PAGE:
In other words, everyone is promising to try real hard to meet the goals outlined at the conference. But no one wants to make it legally binding when they have so many other things on their minds. While there are certainly compelling reasons to think climate change important (much of the east coast saw roughly upper 60° and lower 70° temperatures on Christmas Eve), many countries have other concerns that have distracted them from long-term goals on the subject.
A Poor Economy
While we have recovered from the recession to a certain extent, there is plenty of reason to think that it may be temporary. For one thing, the international market has been suffering a great deal, and between Europe's defaulting nations and China's currency devaluation, there's bound to be repercussions here, as well as there. Puerto Rico is claiming that they cannot pay off their own debts, and there's still some question as to how we'll handle that. Combine these factors with dropping stocks, a recently raised interest rate, and a poor holiday season, and you have a U.S. economy that may be on the brink of collapse, according to experts like financial analyst Dawn J. Bennett. With all of this going on around us and similar problems facing other countries, it's unsurprising that many have other priorities than Paris climate goals.
In addition to financial upset, there are many other factors that have been driving public opinion away from climate change, not least of which is terrorism. The Paris attacks came at a perfect time to distract people from the health of the planet, and soon afterwards, America suffered an attack at San Bernadino that has kept everyone focused on the issue of Muslims, guns, and immigration policies. On top of that, Europe has faced a significant crisis due to the influx of refugees from Syria, and many wonder if they are allowing potential terrorists into their midst. America is similarly concerned.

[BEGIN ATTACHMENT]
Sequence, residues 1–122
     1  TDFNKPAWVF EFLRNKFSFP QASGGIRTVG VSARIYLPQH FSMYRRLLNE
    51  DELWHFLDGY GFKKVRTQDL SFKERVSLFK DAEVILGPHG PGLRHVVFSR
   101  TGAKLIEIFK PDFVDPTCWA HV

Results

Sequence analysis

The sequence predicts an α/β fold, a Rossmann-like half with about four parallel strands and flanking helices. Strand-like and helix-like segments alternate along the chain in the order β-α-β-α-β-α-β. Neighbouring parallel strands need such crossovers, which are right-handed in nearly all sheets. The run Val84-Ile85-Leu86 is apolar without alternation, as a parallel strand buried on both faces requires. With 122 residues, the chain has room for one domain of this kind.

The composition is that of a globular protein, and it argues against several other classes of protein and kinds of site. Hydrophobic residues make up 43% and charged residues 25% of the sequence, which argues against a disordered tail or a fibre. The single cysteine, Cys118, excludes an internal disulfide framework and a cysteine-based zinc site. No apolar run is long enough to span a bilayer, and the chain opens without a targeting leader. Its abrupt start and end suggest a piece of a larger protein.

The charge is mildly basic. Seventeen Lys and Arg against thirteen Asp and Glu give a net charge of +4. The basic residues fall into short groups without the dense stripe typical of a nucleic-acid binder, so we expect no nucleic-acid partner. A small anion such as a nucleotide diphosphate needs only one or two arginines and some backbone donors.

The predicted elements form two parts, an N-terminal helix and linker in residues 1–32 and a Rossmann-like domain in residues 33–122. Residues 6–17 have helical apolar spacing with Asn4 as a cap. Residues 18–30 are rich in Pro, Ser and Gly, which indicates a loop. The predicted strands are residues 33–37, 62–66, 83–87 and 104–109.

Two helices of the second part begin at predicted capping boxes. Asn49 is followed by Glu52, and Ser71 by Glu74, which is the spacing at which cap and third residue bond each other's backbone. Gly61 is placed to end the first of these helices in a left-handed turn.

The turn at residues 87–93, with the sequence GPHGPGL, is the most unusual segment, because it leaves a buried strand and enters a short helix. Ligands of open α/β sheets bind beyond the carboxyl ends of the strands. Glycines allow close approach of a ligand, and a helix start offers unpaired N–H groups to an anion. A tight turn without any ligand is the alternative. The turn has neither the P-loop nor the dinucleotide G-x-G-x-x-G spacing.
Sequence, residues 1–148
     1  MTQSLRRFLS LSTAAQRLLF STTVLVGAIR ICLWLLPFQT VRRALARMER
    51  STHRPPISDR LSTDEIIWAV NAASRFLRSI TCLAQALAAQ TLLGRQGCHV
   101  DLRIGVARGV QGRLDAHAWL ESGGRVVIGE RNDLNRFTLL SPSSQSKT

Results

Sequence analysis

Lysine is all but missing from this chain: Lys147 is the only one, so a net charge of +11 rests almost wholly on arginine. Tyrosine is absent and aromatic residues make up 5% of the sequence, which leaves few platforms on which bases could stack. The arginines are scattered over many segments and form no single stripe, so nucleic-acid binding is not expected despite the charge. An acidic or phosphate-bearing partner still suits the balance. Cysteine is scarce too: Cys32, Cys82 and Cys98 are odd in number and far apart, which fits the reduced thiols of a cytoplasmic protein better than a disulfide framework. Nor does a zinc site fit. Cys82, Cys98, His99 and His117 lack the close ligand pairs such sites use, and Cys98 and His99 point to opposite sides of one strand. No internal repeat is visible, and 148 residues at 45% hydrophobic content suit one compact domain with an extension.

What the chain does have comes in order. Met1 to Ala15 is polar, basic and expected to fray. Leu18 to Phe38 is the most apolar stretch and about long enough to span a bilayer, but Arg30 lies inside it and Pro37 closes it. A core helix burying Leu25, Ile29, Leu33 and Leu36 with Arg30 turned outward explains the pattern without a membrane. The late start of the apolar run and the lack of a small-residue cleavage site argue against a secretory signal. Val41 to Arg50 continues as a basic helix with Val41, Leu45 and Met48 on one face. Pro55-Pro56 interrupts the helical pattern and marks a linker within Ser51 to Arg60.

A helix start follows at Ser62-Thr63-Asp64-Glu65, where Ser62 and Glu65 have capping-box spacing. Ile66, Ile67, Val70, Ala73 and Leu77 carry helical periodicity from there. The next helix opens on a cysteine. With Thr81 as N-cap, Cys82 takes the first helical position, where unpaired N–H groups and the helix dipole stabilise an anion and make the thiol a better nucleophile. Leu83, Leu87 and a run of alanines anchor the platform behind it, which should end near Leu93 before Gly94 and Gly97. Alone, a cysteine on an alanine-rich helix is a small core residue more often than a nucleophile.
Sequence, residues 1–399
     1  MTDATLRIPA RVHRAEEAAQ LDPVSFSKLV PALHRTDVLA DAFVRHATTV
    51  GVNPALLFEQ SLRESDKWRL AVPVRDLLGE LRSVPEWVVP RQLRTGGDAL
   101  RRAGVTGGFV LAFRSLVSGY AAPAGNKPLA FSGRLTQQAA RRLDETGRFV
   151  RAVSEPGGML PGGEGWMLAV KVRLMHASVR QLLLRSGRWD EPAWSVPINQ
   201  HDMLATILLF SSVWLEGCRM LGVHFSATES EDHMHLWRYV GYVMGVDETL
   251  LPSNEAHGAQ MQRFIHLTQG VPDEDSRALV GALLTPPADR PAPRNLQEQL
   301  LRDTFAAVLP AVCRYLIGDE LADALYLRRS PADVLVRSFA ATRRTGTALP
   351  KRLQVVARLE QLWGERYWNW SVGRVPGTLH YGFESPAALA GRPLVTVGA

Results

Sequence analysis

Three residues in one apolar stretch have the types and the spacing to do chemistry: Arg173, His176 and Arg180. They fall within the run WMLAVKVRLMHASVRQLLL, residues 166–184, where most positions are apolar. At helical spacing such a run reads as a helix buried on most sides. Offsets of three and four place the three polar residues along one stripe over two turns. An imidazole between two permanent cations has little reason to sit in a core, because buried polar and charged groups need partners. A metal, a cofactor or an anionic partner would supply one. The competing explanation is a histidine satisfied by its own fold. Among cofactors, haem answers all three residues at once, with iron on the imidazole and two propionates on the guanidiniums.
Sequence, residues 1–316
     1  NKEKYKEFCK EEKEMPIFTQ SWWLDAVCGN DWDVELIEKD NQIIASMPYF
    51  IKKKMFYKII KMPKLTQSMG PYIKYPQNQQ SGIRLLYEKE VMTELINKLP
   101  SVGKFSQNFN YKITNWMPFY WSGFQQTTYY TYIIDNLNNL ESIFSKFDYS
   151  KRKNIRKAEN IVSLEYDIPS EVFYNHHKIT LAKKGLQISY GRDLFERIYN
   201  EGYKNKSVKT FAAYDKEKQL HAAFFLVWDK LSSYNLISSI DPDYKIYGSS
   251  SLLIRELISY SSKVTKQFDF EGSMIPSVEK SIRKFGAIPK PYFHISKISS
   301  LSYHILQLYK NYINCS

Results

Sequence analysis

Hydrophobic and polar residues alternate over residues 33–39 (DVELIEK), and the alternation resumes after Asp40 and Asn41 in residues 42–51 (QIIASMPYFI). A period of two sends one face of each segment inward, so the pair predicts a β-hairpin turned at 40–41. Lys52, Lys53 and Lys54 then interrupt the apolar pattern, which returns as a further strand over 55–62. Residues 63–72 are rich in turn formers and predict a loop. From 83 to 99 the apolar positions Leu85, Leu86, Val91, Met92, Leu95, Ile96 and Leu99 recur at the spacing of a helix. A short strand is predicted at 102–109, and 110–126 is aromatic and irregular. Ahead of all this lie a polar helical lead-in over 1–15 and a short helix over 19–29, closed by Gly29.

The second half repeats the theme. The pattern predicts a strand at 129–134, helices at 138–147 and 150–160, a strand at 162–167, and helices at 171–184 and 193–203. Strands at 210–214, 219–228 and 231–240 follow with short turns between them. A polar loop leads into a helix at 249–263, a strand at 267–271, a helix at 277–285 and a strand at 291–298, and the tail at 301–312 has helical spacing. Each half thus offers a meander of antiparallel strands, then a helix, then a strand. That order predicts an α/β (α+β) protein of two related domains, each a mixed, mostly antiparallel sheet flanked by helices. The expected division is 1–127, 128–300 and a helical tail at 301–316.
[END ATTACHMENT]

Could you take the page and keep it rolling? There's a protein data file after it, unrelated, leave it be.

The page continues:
In the middle of this uncertain climate, several unorthodox presidential candidates have risen in the form of both Bernie Sanders and Donald Trump, each representing a fresher, less politics-as-usual side of the parties that they are seeking to represent.
All of these issues have steadily drawn attention away from climate change and onto the immediate health of the economy and the safety of the people. It may take something very drastic to bring focus back towards the goals of the Paris talks – something that we probably don't want to see.